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I'm developing a Windows Phone application that will connect to my server. It does this by using ConnectAsync when you push the login button. But if the server is down and you want to cancel the connecting attempt, what to do?

Here is is the current client code complete with my latest try at shutting the socket connection down. It is to be assumed that you can easily implement a timeout once you know how to turn the connection off.

    private IPAddress ServerAddress = new IPAddress(0xff00ff00); //Censored my IP
    private int ServerPort = 13000;
    private Socket CurrentSocket;
    private SocketAsyncEventArgs CurrentSocketEventArgs;
    private bool Connecting = false;

    private void Button_Click(object sender, RoutedEventArgs e)
            if (Connecting)
                CurrentSocket = null;
                CurrentSocketEventArgs = null;
            UserData userdata = new UserData();
            userdata.Username = usernameBox.Text;
            userdata.Password = passwordBox.Password;

            Connecting = ConnectToServer(userdata);
        catch (Exception exception)
            Dispatcher.BeginInvoke(() => MessageBox.Show("Error: " + exception.Message));

    private bool ConnectToServer(UserData userdata)
        CurrentSocket = new Socket(AddressFamily.InterNetwork, SocketType.Stream, ProtocolType.Tcp);

        //Create a new SocketAsyncEventArgs
        CurrentSocketEventArgs = new SocketAsyncEventArgs();
        CurrentSocketEventArgs.RemoteEndPoint = new IPEndPoint(ServerAddress, ServerPort);
        CurrentSocketEventArgs.Completed += ConnectionCompleted;
        CurrentSocketEventArgs.UserToken = userdata;
        CurrentSocketEventArgs.SetBuffer(new byte[1024], 0, 1024);

        return true;

Edit: A thought that struck me is that perhaps it's the server computer that stacks up on requests even though the server software isn't on? Is that possible?

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3 Answers 3

I believe


should cancel the async connection attempt. There may be some exceptions that need to be caught as a consequence.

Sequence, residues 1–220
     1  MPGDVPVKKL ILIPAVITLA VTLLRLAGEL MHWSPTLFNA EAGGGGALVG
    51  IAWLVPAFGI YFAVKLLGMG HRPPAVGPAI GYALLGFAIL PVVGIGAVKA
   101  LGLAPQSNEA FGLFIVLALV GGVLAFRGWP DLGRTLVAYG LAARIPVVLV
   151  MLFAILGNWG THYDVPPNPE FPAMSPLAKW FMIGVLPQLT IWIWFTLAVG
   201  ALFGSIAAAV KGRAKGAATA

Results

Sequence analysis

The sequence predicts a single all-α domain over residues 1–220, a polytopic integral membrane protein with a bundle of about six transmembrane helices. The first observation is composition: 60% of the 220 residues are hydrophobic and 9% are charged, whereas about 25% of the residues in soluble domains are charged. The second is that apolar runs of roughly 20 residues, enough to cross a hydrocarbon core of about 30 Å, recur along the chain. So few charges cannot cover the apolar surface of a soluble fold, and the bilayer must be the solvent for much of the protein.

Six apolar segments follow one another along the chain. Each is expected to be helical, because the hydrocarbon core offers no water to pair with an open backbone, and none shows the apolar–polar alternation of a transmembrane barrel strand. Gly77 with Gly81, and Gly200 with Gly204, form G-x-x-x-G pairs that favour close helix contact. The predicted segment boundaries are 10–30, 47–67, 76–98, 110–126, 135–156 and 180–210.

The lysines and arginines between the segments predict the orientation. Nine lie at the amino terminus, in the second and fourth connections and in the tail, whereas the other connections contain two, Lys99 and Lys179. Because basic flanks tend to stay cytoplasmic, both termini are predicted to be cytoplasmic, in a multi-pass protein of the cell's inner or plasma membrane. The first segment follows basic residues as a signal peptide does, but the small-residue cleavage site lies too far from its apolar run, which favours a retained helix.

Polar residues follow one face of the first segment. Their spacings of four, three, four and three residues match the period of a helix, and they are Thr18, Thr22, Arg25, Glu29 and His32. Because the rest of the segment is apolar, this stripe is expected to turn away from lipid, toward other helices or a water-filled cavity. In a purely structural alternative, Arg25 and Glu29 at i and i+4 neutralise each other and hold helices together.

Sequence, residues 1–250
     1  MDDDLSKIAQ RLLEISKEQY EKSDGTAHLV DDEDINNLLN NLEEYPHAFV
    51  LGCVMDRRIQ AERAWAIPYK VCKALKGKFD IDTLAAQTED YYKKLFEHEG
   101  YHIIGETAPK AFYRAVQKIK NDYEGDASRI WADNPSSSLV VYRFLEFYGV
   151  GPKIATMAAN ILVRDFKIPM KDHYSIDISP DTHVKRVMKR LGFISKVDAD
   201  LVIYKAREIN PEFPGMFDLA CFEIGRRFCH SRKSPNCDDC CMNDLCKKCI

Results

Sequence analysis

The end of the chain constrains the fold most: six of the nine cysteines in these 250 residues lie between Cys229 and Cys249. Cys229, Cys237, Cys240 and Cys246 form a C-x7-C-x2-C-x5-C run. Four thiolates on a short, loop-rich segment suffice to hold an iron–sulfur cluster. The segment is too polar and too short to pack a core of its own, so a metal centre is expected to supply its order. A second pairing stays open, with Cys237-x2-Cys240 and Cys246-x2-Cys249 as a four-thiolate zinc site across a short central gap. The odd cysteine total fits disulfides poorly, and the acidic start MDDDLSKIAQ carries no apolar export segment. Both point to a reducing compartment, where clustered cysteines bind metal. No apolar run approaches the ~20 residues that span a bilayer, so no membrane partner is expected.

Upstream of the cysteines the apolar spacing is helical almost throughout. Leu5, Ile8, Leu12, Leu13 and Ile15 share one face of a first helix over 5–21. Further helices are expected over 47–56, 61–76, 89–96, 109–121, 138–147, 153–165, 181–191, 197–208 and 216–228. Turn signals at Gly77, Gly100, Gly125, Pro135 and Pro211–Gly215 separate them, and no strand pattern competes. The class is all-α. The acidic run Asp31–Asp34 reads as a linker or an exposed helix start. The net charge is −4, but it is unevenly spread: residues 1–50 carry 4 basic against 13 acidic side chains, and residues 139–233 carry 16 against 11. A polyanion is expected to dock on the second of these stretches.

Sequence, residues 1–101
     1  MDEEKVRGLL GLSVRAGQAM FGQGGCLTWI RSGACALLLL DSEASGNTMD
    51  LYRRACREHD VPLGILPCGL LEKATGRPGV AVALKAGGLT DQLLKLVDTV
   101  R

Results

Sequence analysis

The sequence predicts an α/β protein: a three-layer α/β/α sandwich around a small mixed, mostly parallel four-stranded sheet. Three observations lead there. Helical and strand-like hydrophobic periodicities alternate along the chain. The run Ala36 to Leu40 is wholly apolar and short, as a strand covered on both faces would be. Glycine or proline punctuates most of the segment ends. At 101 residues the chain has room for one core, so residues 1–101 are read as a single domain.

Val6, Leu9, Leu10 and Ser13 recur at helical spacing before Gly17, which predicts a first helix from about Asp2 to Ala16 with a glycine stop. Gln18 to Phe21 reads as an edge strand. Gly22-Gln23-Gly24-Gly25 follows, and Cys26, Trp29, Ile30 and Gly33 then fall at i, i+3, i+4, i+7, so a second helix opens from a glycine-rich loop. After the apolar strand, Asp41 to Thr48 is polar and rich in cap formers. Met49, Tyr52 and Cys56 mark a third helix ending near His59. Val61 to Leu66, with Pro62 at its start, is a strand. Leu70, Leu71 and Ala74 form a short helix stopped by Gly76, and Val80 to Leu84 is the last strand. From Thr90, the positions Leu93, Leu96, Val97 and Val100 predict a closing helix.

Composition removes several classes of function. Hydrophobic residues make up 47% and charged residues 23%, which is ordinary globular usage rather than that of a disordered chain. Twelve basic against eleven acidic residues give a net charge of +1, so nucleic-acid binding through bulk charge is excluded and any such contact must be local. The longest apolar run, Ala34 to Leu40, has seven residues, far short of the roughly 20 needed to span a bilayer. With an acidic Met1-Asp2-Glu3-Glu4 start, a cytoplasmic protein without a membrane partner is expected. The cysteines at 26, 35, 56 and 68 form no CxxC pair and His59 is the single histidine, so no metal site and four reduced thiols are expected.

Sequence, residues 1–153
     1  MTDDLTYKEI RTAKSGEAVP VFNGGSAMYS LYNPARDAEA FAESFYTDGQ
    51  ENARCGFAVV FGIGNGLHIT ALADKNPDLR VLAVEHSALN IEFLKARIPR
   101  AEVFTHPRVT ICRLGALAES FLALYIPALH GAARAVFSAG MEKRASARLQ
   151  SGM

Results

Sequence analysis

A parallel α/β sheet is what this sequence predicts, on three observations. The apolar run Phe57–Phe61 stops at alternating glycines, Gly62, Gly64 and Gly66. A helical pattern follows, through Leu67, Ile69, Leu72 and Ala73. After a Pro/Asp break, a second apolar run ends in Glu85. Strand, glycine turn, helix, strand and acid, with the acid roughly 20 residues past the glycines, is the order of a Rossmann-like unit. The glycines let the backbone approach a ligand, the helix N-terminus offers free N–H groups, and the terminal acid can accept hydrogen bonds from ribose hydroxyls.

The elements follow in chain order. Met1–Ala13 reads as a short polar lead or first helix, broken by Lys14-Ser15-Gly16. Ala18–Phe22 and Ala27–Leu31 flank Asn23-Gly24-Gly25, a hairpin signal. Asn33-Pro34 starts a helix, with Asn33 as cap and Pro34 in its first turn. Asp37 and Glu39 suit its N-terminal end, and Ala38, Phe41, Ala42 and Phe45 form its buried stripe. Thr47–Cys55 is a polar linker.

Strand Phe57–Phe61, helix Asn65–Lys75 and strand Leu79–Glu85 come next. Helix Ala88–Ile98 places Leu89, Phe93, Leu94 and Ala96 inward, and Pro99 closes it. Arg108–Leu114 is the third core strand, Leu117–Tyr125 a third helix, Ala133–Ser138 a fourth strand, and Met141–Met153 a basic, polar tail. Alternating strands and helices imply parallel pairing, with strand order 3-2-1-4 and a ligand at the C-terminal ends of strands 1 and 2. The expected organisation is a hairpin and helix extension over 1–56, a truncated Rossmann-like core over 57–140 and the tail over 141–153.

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Isn't that what I do already? I haven't had any trouble with exceptions, it's just that they stack up in the background no matter if I use CurrentSocket.Close(). Once I turn on the server it get's a ton of requests all at the same time. – Switchice Feb 15 '13 at 23:31
I believe my answer addresses your main question. What further trouble are you having? – MarcF Feb 16 '13 at 15:09
It's just that even when I use CurrentSocket.Close() as shown in the code the requests pile up. It doesn't seem to work, why is that? – Switchice Feb 16 '13 at 16:35
Can you elaborate what you mean by 'requests pile up'? I assumed your sample code is a client application connecting out? – MarcF Feb 16 '13 at 16:49
This is the beauty and danger of async programming. If you are calling the method Button_Click multiple times in quick succession you may be creating multiple sockets and potentially not closing them 'ALL' correctly. My next step would be to add a debug method which just closes the current socket and then work out exactly under what combination of circumstances you are having problems. – MarcF Feb 16 '13 at 17:18

Your code looks OK. As already said by Marc, closing the socket cancels all pending operations.

Yes, it's sometimes possible that you connect OK and nothing happens. To verify, in the command line

telnet 31337 where is ServerAddress (name is OK as well) and 31337 is ServerPort. You might first enable a "Telnet client" using Control Panel/Programs and Features/Turn Windows features on and off. If you see "Could not open connection" = your WinForms application shouldn't be able to connect. If you see a black screen with blinking cursor = your WinForms application should connect OK.

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Thank you for the answer it is much appreciated. The problem isn't the connection however, it has always connected without fault. The code just doesn't seem to want to stop, when I tell it to do so, with CurrentSocket.Close(). It seems like the requests are stacked somehow, somewhere anyway... – Switchice Feb 16 '13 at 16:42
How do you know it didn't stop? And by the way, why are you sending 1024 zero bytes immediately after connection?? – Soonts Feb 16 '13 at 17:26
I know it doesn't stop because when I turn on the server, for every click, there is a line written by the server saying "Socket connected". It would explain a lot if my writing new byte[1024] sends a thousand zeroes. I thought it wouldn't send until I started a SendAsync call to the socket... – Switchice Feb 18 '13 at 13:15

What's going on here is that you are specifying a buffer in the argument to ConnectAsync.

CurrentSocketEventArgs.SetBuffer(new byte[1024], 0, 1024);

The documentation says:

Optionally, a buffer may be provided which will atomically be sent on the socket after the ConnectAsync method succeeds.

So your server is going to see the connection and data at once. Your cancellation code is just fine, it's just that the data is sent before you get a chance to cancel anything.

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